In the Montessori classroom, the child is given freedom to choose his work ‘within the guided rules’. The child is made to understand what is expected of him. He learns to make choices from freedom to concentration to “self-discipline”. Thus, the child works to enjoy the benefits of the materials in front of him/absorbs and concentrates and attains his goal of learning.
The child is exposed to a wide range of educational opportunities and activities in the Montessori environment. Areas of discovery include :
The Practical Life exercises allow the child to develop a meaningful degree of independence and self-discipline. It also sets a pattern for a lifetime of good work habits and a sense of responsibility.
This process helps them develop an inner sense of order and a higher ability to concentrate and follow a complex sequence of steps.
The sensorial exercises are designed to help the child focus his/her attention more carefully on the physical world, exploring with each of his/her senses, the subtle variations in the properties of objects.
A whole language approach to reading, composition, and literature is used in the Montessori classroom. Dr. Montessori’s research confirmed that children learn best by touch and manipulation, not repeating what they are told. Her manipulative approach to teaching reading is as painless and simple a process as learning to speak.
As soon as children, no matter how young they are, show the slightest interest, we begin to teach them how to read by introducing them to phonics. When they are ready they pull it together and are able to read and write on their own.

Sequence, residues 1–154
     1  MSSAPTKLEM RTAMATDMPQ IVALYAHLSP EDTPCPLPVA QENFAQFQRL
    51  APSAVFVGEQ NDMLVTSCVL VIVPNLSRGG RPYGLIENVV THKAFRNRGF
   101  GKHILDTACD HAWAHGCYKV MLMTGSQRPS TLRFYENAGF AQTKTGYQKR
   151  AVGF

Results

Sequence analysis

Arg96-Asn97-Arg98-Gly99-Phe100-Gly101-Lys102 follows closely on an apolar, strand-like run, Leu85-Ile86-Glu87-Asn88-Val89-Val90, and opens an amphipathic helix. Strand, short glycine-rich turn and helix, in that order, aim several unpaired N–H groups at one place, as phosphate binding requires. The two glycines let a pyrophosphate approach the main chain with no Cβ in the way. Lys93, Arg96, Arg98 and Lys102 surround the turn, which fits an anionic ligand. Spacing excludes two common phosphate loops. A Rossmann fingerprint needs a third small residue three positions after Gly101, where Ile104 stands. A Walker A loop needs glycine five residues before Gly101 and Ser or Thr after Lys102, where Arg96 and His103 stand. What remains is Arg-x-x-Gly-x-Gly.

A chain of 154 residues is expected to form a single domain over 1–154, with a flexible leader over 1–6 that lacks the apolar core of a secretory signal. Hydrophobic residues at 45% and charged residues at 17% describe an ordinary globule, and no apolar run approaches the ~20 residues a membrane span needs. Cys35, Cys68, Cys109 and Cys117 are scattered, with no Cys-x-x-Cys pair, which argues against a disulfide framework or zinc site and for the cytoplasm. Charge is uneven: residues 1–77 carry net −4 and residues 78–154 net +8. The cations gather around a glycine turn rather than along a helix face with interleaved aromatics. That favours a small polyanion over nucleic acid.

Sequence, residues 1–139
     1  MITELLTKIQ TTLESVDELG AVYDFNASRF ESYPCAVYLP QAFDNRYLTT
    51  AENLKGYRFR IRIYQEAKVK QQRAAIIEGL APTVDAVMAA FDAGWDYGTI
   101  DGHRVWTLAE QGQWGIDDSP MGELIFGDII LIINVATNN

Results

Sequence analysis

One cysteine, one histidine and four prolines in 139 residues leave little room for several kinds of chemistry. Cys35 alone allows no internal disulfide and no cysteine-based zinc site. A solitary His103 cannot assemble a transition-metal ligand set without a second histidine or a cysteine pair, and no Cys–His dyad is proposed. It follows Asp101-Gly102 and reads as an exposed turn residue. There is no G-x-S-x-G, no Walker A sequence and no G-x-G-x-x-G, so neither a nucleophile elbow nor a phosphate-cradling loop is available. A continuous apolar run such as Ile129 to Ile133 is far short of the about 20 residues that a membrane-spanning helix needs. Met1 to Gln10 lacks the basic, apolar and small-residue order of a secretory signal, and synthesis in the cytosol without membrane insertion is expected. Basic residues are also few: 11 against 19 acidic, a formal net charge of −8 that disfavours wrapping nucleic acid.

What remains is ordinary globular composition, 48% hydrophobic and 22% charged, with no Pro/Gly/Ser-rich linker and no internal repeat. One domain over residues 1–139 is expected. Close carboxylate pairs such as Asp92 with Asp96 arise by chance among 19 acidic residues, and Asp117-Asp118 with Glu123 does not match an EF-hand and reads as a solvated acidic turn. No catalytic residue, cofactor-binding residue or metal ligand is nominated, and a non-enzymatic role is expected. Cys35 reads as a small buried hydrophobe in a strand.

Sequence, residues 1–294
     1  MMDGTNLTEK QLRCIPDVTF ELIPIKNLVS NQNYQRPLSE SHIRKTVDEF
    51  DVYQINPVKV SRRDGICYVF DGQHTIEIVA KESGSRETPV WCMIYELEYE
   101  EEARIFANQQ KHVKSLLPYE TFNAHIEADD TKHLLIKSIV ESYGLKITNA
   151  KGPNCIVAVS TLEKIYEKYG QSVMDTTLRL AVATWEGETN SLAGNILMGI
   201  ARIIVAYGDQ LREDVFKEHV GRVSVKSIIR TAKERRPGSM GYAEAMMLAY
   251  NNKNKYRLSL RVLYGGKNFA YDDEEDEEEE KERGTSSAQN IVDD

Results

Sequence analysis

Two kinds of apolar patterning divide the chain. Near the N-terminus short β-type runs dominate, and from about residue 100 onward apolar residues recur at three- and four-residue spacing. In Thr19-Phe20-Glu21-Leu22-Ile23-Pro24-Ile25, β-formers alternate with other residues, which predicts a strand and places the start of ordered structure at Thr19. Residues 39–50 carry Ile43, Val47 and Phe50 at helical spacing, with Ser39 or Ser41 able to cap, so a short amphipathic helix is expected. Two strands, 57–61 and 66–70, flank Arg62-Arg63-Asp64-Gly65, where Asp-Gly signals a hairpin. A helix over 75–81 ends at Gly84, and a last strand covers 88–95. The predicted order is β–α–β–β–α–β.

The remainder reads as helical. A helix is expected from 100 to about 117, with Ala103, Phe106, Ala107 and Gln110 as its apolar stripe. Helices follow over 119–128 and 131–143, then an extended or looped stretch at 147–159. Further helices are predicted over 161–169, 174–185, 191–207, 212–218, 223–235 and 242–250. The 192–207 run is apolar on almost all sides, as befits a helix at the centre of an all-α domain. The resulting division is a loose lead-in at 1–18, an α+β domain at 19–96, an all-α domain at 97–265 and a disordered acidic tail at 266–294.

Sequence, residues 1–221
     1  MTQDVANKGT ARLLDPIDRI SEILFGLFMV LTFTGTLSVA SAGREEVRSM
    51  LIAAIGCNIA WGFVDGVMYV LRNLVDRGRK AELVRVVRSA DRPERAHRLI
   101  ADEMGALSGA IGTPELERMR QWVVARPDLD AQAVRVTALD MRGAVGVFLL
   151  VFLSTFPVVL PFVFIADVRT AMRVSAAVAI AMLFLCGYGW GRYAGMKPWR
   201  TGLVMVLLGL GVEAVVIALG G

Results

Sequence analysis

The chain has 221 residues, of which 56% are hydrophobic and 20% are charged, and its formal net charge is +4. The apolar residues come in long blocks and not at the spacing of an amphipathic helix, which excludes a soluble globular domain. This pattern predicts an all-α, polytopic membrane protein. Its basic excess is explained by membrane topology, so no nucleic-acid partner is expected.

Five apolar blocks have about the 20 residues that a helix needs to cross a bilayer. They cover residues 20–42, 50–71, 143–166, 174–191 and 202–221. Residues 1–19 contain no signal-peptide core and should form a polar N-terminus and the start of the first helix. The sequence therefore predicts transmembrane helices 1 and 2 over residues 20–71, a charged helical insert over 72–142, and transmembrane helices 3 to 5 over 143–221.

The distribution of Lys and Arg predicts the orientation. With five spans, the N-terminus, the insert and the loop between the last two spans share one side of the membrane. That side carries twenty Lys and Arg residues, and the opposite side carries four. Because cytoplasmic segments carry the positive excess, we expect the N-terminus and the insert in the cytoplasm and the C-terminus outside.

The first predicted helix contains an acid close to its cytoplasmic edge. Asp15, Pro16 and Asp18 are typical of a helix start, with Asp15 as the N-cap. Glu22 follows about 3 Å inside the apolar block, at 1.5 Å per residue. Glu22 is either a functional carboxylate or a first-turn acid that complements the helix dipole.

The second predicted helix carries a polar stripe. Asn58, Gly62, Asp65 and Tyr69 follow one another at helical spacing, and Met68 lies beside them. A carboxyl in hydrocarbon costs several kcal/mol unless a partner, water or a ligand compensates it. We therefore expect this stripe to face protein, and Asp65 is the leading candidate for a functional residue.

Montessori students use hands-on learning materials that make abstract concepts clear and concrete. This approach offers a logical strategy for helping students understand and develop a sound foundation in math and geometry. We use the “Unified Math” which introduces the students to the fundamentals of arithmetic, geometry and algebra. We do not arbitrarily separate arithmetic, algebra plane, and solid geometry. They are all integrated into the math curriculum. The entire purpose of the Montessori math curriculum is to make the abstract concrete until the child can visualize mathematical processes at work. Step by step, the materials become less concrete and more symbolic.
Science is an integral element of the Montessori curriculum. Among other things, it represents a way of life: a clear-thinking approach to gathering information and problem-solving. The scope of the Montessori science curriculum includes a sound introduction to botany, zoology, physics, chemistry, geology and astronomy.
History, Geography and Cultural Activities
We are all members of the human family. Our roots lie in the distant past, and history is the story of our common heritage. Our goal is to develop a global perspective and study history and world cultures. As early as three years of age the students work with specially designed maps and learn names of the continents and countries.
Spanish is introduced as a foreign language to develop an appreciation for different cultures and languages of the world we live in.
Learn about Montessori
This video discusses the three year-cycle of Montessori and its importance in the early years.